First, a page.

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Sleep Radio

Listening to the radio or watching TV in bed. When you go to sleep, the radio or tv switches off. That's the idea.

I've always considered the idea so obvious that it didn't need mentioning before. But now it seems that it's not been guessed by other people and put into use, so now I'm going to state it explicitly.

Some TV sets and some radios have a function on them called "sleep". However such a "sleep function" is very much an inferior to the idea I am talking about. On a normal "sleep function", the equipment just has a timer and after a set time it switches off. This almost invariably does not coincide with the moment you fell asleep, and instead the machine turns off unexpectedly while you are watching/listening,  Radio or it persists for a while during which you are asleep, or worse, the timing-out wakes you up!

So, here's how to do a "sleep function" properly!:

You have a very lightweight touch switch with you in bed. You can easily hold this on, and while you remain awake, the radio or tv stays on. However, as soon as you go to sleep, you release the switch and the radio/tv goes silent.

A similar idea is already in use on the railways. It's called the "Dead Man's Handle", and is set up so that if the train driver falls asleep, dies, becomes unconscious, or mysteriously disappears, then the "Dead Man's Handle" is no longer being held, and the train stops automatically. This avoids runaway trains!

The "Dead Man's Handle" on a locomotive is a hefty industrial item and would be inconvenient to apply directly to the relaxing situation of listening to the radio while in bed. Instead, a very lightweight microswitch can be used. A pressure of just a few grammes is required to hold the switch engaged. Experimentally, keyswitches that are even lighter than the keys of a computer keyboard can be used. I have found that an old cable-remote from the old-style videorecorders is about right.


* If you're wiring this up, make sure for the sake of safety that the switch is in the LOW VOLTAGE circuit!

* As the radio/tv needs to be usable in the waking state as well as in the "about to go to sleep" mode, an override is required. This can take the form of an additional switch, or the cable to the sleep switch can go in a socket like a headphone jack, where the absence of a plug results in a default option inside the set.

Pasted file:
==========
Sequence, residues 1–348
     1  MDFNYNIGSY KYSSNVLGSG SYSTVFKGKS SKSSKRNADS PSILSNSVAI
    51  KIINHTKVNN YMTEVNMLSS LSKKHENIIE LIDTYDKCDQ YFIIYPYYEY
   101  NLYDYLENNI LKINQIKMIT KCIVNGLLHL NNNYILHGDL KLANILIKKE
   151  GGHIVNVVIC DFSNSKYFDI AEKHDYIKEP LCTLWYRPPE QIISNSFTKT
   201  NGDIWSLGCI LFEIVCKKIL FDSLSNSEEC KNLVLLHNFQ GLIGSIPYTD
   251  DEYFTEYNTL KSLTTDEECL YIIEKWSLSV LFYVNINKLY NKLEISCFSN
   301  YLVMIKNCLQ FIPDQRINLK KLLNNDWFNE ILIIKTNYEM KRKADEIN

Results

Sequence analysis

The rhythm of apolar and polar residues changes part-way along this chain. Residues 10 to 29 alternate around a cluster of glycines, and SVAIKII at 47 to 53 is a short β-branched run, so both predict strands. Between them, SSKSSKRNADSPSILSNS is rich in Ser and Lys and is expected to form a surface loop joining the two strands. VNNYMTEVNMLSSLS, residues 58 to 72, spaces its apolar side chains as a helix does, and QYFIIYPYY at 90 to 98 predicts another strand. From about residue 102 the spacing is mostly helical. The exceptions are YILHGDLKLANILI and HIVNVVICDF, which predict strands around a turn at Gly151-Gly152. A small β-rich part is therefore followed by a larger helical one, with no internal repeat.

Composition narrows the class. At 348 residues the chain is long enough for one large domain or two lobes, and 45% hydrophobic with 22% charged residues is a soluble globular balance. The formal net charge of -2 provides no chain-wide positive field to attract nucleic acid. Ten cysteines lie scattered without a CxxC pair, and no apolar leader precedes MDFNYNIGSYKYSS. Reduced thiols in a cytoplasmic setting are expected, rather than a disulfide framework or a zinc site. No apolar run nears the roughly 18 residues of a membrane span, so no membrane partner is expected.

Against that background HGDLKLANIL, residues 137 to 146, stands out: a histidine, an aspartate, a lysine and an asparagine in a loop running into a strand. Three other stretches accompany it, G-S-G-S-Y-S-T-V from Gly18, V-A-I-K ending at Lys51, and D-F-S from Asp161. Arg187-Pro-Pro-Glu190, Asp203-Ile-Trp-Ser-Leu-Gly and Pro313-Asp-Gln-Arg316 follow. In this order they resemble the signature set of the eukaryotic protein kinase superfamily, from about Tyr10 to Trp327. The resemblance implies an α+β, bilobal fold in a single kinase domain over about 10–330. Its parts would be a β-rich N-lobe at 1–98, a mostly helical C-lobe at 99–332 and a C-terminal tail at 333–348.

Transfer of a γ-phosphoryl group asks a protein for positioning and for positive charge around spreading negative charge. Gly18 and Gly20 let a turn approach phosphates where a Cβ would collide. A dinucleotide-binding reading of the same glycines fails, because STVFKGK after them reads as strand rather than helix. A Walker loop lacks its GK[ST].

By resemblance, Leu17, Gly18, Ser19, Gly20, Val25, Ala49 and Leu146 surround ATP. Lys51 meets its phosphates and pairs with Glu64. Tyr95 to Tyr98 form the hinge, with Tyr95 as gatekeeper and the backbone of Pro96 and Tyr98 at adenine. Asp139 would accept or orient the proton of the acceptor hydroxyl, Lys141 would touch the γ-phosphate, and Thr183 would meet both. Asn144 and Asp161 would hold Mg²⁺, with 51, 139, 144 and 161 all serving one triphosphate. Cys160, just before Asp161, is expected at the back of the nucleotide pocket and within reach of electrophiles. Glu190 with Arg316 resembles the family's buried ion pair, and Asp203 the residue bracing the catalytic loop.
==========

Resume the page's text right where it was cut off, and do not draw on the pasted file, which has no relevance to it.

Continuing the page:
* The switch for use in bed must be of a type that is like a push-to-make (normally open) pushbutton type. The idea is, when you let go, the radio goes off. Don't use a toggle-switch, because you won't be awake to switch it off!

* When operating the device in sleepy-mode, keep the volume control quite low. This prevents the switching-off being so noticeable that it wakes you up. Also, sound seems louder when you're in the dark.

* The cable on the switch needs to be quite long. It should be long enough so that even if you fall asleep and roll over, the cable won't pull the radio/tv. If you wish to have an additional safety feature, you can anchor the cable at a safe point, and/or put an easily released plug and socket along the cable.

* The switch and any box it's in should be designed such that it can't hurt you if you sleep on top of it. This safety maxim is not as difficult as it sounds, especially if you are already accustomed to having a hot water bottle in bed, and/or a cat on the bed.

* A variety of switches (and boxes) are available from electronic component suppliers. Or, you can adapt a cable-remote off something. If you try a few different switches, you'll typically find one that's your favourite and personally much better than the others.

In case you're reading this thinking it's just a crazy idea and would only make sense in theory and would never work in practice, well, I've made these devices before and found they work. Many years ago, Mum used to listen to the radio in bed, and having a handheld switch which ensured the radio was only switched on while Mum was awake proved to be successful. This was in the 1970s, and it was already known at the time that sleeping with the radio on could affect dreaming. So, a prototype sleep-switch was connected up, and the design refined.

The mystery is, why did no radio manufacturers think up the same thing? It seems so obvious.